June 2012 Bar Bulletin
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June 2012 Bar Bulletin

How 1,200 Plus 10,000 Equals 7.43 Million

By Ana LaNasa-Selvidge

 

Did you know that the KCBA's Pro Bono Services (PBS) programs work with more than 1,200 volunteers who handle in excess of 10,000 cases and provide over $7.43 million of free legal services each year in King County?

KCBA could not achieve its mission to provide legal aid to clients in the King County community without volunteers. An overwhelming majority of PBS volunteers are KCBA members.

In celebration and recognition of KCBA volunteers, we asked two fellow volunteers questions focused on understanding why they joined KCBA and why they do pro bono. Their responses make for an interesting read.

KCBA Gary Manca / Manca Law, PLLC Stephanie Erickson / GCG, Inc.
Why did you join KCBA? I wanted the chance to meet other attorneys, develop my professional skills and serve people in our community. I wanted to work with and get to know other attorneys in my community.
How has KCBA supported your professional development? The Appellate Section and YLD program have provided topical lunch seminars, which I attend when my schedule allows. I love them. They are opportunities to deepen my legal knowledge, to foster my relationships with other attorneys and to earn free CLE credits. KCBA provides networking opportunities, legal training, educational resources and support.
What PBS program(s) do you currently volunteer for or have you volunteered for in the past? Housing Justice Project. Kinship Care Solutions Project.
Why do you do pro bono work? I went to law school to help people. KCBA pro bono services give me the opportunity to use my skills to help people and, in return, I get experience and learn new skills. I joined PBS and Kinship Care Solutions because I wanted to get involved in my community, gain professional experience, learn new areas of the law and support people in need.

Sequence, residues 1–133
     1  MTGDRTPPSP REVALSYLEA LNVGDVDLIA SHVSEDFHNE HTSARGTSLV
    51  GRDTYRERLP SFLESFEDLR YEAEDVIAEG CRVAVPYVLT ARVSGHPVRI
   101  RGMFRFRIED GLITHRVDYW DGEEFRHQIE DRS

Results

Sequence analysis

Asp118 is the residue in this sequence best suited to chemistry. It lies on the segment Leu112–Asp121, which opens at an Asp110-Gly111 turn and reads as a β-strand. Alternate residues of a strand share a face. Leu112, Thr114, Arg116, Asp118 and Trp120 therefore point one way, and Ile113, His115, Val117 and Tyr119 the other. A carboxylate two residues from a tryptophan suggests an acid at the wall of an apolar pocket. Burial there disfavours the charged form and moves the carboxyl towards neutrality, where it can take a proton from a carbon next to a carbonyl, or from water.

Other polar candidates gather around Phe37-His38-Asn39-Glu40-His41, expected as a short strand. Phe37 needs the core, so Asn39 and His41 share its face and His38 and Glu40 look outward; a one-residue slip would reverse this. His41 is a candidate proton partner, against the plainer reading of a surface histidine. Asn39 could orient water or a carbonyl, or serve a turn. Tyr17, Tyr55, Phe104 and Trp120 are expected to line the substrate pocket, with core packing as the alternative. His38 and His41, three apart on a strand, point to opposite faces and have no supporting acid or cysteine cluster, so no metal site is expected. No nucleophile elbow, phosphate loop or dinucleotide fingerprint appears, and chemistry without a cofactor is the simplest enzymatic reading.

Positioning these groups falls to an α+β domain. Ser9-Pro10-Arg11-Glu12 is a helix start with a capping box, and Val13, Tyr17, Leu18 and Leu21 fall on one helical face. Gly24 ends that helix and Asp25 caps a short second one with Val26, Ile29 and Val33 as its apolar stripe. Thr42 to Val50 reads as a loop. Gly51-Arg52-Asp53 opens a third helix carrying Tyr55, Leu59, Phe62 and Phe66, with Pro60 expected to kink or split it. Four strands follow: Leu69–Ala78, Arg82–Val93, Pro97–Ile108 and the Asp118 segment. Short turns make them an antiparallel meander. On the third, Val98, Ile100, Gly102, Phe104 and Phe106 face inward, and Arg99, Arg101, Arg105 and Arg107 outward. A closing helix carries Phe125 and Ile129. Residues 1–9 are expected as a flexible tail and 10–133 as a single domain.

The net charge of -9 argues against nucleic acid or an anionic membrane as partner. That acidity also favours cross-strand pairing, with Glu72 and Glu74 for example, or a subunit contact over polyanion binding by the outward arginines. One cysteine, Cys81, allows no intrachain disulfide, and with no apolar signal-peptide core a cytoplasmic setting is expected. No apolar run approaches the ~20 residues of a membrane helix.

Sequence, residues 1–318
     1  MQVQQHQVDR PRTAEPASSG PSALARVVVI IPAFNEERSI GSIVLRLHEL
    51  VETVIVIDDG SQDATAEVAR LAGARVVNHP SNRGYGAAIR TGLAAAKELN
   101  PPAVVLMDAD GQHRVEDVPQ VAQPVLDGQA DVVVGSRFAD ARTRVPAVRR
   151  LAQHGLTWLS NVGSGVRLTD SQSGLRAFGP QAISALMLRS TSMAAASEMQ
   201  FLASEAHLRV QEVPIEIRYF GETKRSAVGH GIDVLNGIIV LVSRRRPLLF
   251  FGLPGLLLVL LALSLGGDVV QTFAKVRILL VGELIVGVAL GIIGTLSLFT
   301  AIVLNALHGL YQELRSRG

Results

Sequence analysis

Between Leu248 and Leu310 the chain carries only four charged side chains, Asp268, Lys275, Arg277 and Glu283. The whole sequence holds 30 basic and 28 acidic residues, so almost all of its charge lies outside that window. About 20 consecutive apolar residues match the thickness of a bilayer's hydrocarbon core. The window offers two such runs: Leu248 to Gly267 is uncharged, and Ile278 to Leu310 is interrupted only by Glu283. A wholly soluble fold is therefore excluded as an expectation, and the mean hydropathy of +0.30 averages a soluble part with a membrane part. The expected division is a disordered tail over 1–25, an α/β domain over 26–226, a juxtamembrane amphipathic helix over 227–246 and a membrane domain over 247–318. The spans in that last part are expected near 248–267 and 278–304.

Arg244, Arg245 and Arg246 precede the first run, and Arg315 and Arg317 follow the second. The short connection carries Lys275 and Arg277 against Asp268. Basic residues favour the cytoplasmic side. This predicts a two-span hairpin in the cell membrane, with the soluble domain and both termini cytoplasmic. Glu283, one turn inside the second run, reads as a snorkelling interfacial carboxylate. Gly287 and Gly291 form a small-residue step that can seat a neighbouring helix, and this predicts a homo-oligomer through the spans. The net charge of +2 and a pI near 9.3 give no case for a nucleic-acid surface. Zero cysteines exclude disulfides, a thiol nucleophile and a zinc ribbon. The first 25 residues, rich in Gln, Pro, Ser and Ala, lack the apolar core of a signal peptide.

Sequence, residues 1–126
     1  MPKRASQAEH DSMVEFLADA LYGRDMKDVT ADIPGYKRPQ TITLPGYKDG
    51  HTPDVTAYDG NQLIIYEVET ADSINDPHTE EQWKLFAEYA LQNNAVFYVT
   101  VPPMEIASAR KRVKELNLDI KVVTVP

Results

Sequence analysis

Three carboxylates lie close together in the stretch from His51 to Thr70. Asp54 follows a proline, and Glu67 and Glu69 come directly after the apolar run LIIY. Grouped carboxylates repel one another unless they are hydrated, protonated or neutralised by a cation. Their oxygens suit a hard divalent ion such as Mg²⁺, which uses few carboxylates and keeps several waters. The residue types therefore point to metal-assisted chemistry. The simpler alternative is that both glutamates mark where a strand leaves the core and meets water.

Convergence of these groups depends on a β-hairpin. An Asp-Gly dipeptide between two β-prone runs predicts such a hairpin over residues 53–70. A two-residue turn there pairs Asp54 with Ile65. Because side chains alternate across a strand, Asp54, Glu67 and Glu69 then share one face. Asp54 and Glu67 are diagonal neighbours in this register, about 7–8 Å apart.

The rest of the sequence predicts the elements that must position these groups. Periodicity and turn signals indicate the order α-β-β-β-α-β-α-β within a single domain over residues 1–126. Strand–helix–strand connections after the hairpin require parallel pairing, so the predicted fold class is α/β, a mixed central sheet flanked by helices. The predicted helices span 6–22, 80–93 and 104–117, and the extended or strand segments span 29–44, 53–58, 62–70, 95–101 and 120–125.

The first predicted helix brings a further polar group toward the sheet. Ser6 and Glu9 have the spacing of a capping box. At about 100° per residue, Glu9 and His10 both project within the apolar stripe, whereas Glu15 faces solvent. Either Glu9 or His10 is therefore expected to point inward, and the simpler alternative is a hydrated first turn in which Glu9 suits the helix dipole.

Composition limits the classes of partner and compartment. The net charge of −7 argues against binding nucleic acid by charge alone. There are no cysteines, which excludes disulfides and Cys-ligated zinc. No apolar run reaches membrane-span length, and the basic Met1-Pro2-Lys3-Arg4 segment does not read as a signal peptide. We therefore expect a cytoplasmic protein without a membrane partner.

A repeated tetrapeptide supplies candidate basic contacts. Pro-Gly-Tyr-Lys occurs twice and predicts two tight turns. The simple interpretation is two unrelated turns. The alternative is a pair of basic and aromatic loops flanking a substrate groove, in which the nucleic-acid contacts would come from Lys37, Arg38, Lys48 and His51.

How has the volunteer program supported your professional development or provided opportunities for you? Through my volunteering with KCBA pro bono services, I have improved my negotiation skills and have gotten experience interviewing and counseling clients. I also took on a case scheduled for trial, and I associated with another attorney on it. This case has helped me, as a new attorney and solo practitioner, to sharpen my civil litigation skills, learn the different styles of opposing counsel and study a new area of law. KCBA's continuous support and assistance encouraged me to feel more confident in my abilities as a new attorney. I received very thorough training and gained valuable hands-on experience handling a case. It means a lot to me that I am able to develop my professional skills while also assisting low-income citizens who need legal assistance.
Did you know that one-third of membership service (dues, CLEs and LRS services) go toward the financial health and support for all six PBS programs? No, I didn't know that. That's terrific! No!